Harriet Klausner

    1 out of 5 people found this review helpful.

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  • Anonymous

    Posted January 7, 2014

    Serena

    She glanced at Charles and hurried away, a tear streaming down her cheek

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  • Anonymous

    Posted January 7, 2014

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  • Anonymous

    Posted December 31, 2013

    &chess



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  • Anonymous

    Posted November 29, 2013

    Great read!

    Throughly enjoyed for a short read.

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  • Posted August 21, 2011

    If you are in the mood for some fluff

    Even though I did not like Emerson's first novel The Pleasure Palace, I thought I'd try her again. This book left out the annoying pages and pages of dress and pageantry details that bored me in the first book. In this one Emerson paints a story about lesser known Nan Bassett who serves as a Lady in Waiting to 4 of Henry VIII's wives and Queen Mary. She is not very likable, but that is because her Mother made her that way. It was all about scoring titles and ignoring love. I did not like Emerson's descriptions of Queen Jane and Catherine Howard. If the characters weren't likeable, then why did I enjoy it? I think timing. I haven't read a Tudor book in awhile, so I enjoyed reliving that era again. Plus after my recent trip there, the author's descriptions took me back to those amazing destinations. Would I recommend this? If you are in the mood for some fluff, yeah, why not. Is it a must read, No.

    0 out of 2 people found this review helpful.

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  • Posted March 24, 2011

    more from this reviewer

    Disappointed...

    I loved the first book in the Secrets of the Tudor Court series, and the second one was alright. That's all I can really say about Kate Emerson's third installment. The first and last third of the book bored me. Also, in this novel, she introduces so many characters and people that are at court that I have a hard time keeping up with who's who; I did not have this problem with the first two novels. I hope the fourth one is a lot better.

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  • Posted March 22, 2011

    more from this reviewer

    Good, but not as good as the first...

    The first book in the series, The Pleasure Palace, was fantastic. It had me hooked the whole time. With Between Two Queens, Emerson's second book in the Secrets of the Tudor Court series, it took me some time to get into it. The first half seemed a little dull, but by the second half there was more character development and drama. It is definitely worth reading once.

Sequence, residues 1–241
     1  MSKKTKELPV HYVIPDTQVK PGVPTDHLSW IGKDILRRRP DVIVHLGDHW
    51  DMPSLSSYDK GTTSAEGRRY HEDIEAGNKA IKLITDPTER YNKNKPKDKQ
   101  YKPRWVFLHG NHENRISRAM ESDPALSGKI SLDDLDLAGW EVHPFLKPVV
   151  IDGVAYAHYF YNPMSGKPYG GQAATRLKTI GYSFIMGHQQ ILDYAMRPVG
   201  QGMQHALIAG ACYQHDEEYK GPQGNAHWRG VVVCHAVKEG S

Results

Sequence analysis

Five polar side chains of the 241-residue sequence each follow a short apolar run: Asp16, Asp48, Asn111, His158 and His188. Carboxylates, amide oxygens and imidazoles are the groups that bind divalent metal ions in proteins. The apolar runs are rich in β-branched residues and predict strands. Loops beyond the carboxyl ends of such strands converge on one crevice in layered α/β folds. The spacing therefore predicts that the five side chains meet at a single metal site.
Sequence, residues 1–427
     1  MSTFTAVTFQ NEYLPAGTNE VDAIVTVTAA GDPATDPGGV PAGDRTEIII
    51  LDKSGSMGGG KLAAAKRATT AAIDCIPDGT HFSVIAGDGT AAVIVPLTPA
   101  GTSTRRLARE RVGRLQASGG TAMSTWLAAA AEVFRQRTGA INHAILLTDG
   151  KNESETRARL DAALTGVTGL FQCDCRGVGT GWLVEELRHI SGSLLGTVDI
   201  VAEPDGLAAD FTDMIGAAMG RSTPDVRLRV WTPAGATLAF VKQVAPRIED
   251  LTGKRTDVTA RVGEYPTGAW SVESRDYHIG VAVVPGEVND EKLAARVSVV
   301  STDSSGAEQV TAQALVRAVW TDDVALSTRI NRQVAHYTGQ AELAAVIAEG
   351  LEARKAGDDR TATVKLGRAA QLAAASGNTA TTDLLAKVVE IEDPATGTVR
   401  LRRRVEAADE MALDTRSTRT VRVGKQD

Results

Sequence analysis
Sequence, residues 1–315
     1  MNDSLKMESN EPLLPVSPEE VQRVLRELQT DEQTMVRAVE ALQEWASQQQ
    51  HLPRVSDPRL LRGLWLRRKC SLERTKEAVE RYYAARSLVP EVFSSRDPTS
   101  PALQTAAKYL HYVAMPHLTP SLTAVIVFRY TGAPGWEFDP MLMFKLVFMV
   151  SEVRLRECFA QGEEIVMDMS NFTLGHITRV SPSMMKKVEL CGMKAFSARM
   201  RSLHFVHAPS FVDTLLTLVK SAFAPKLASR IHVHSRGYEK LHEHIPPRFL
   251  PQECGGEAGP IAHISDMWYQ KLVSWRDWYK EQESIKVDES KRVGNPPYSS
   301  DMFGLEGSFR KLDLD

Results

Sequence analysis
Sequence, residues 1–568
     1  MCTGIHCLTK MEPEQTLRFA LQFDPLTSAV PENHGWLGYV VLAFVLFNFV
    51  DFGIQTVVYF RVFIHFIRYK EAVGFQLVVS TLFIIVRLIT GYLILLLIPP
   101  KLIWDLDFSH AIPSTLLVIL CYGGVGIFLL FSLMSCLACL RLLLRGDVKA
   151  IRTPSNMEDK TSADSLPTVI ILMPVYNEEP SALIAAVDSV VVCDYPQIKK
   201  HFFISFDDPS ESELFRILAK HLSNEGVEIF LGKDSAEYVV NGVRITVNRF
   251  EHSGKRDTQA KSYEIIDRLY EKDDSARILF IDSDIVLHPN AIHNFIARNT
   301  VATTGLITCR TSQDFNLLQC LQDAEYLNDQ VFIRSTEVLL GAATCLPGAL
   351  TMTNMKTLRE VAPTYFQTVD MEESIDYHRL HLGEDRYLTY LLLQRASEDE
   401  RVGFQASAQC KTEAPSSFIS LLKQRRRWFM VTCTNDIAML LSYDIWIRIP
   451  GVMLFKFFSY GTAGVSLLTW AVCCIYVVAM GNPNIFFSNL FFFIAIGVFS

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  • Posted October 26, 2010

    more from this reviewer

    an entertaining historical novel

    Aging and ailing King Henry VIII chooses Katharine Parr as his sixth wife. Not long after the monarch remarries, Elizabeth Brooke arrives at court as a lady in waiting to the new queen. There she meets Katharine's married brother Will. Elizabeth and Will become friends as he helps her with the backstabbing intrigue. They are deeply attracted tone another and she believes she loves the kind Will, but marriage is traded on a royal exchange as an item for bartering.

    Years later Will is single having had his marriage annulled while his Bess also is free as her fiancé died. They become lovers at a time an era ends with the death of the monarch; Henry's son Edward becomes king. The widow queen Katharine remarries but dies in childbirth. Lady Jane Grey ascends to the throne, but not for long as less than two weeks later Princess Mary becomes queen. Mary a devout Catholic married to the Spanish king also an extremely deeply religious Catholic accuses many at court especially Bess of seditious support of Jane.

    The latest Secrets of the Tudor Court (see Between Two Queens) is an entertaining historical made fresh by the lead protagonist Bess Brooke, a real person. She brings an interesting perspective to the overly written era as an optimist in a dangerous curt filled with nasty intrigue and stays up beat even when accused of treason in allegedly placing Jane on the throne and in support of her cousin's failed revolt. Sub-genre fans will enjoy Kate Emerson's enjoyable look at the Tudors.

    Harriet Klausner

    0 out of 1 people found this review helpful.

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  • Posted August 12, 2010

    Started out promising...but then nothing happened and I got mad...

    I read the synopsis and was intrigued enough to download the sample. It started out promising, but then the storyline went stagnant. This book could have been way shorter and still would have gotten its point across...even though it doesn't really matter b/c it still would have been a total snooze-fest. Some parts of the book were so drawn out and jam packed w/ monotonous details. There is no romantic storyline and it's all equally boring. And the author is very repetitive, which I believe is due to the fact that so many characters had the same names and were married to other folks of common names several times over, also causing title changes.

    SPOILER **just to save you money and time**
    The main character Jane and her mother flee French court after the King's suspicous passing. They flee to England and are taken into court to serve the Queen and Princesses. Jane is sent away to serve the Princesses at a different location as her mom, who then passes away mysteriously. Jane grows up. Out of nowhere, she suddenly develops a burning need to uncover her mother's past and reason for fleeing France in the 1st place. And she is annoyingly relentless about it. She pesters anyone who will listen to dig for details on her mom's life before she died. She reconnects w/ an old childhood friend who helps her dig up even more information. Turns out, her parents were killed off b/c of their royal-bastard lineage and investment properties. It was all very underwhelming and disappointing.

    0 out of 2 people found this review helpful.

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  • Anonymous

    Posted August 5, 2010

    Secrets of the Tudor Court

    It just added more information and intrigue to all the Tudor series. Good book

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  • Posted February 22, 2010

    Enjoyable

    It was enjoyable...not one of those 'gotta read again' books, but it did stir the imagination.

    0 out of 2 people found this review helpful.

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  • Anonymous

    Posted September 19, 2009

    secrets of the tudor court

    a very exciting book to read. I love the twist that the author put on the tudor court.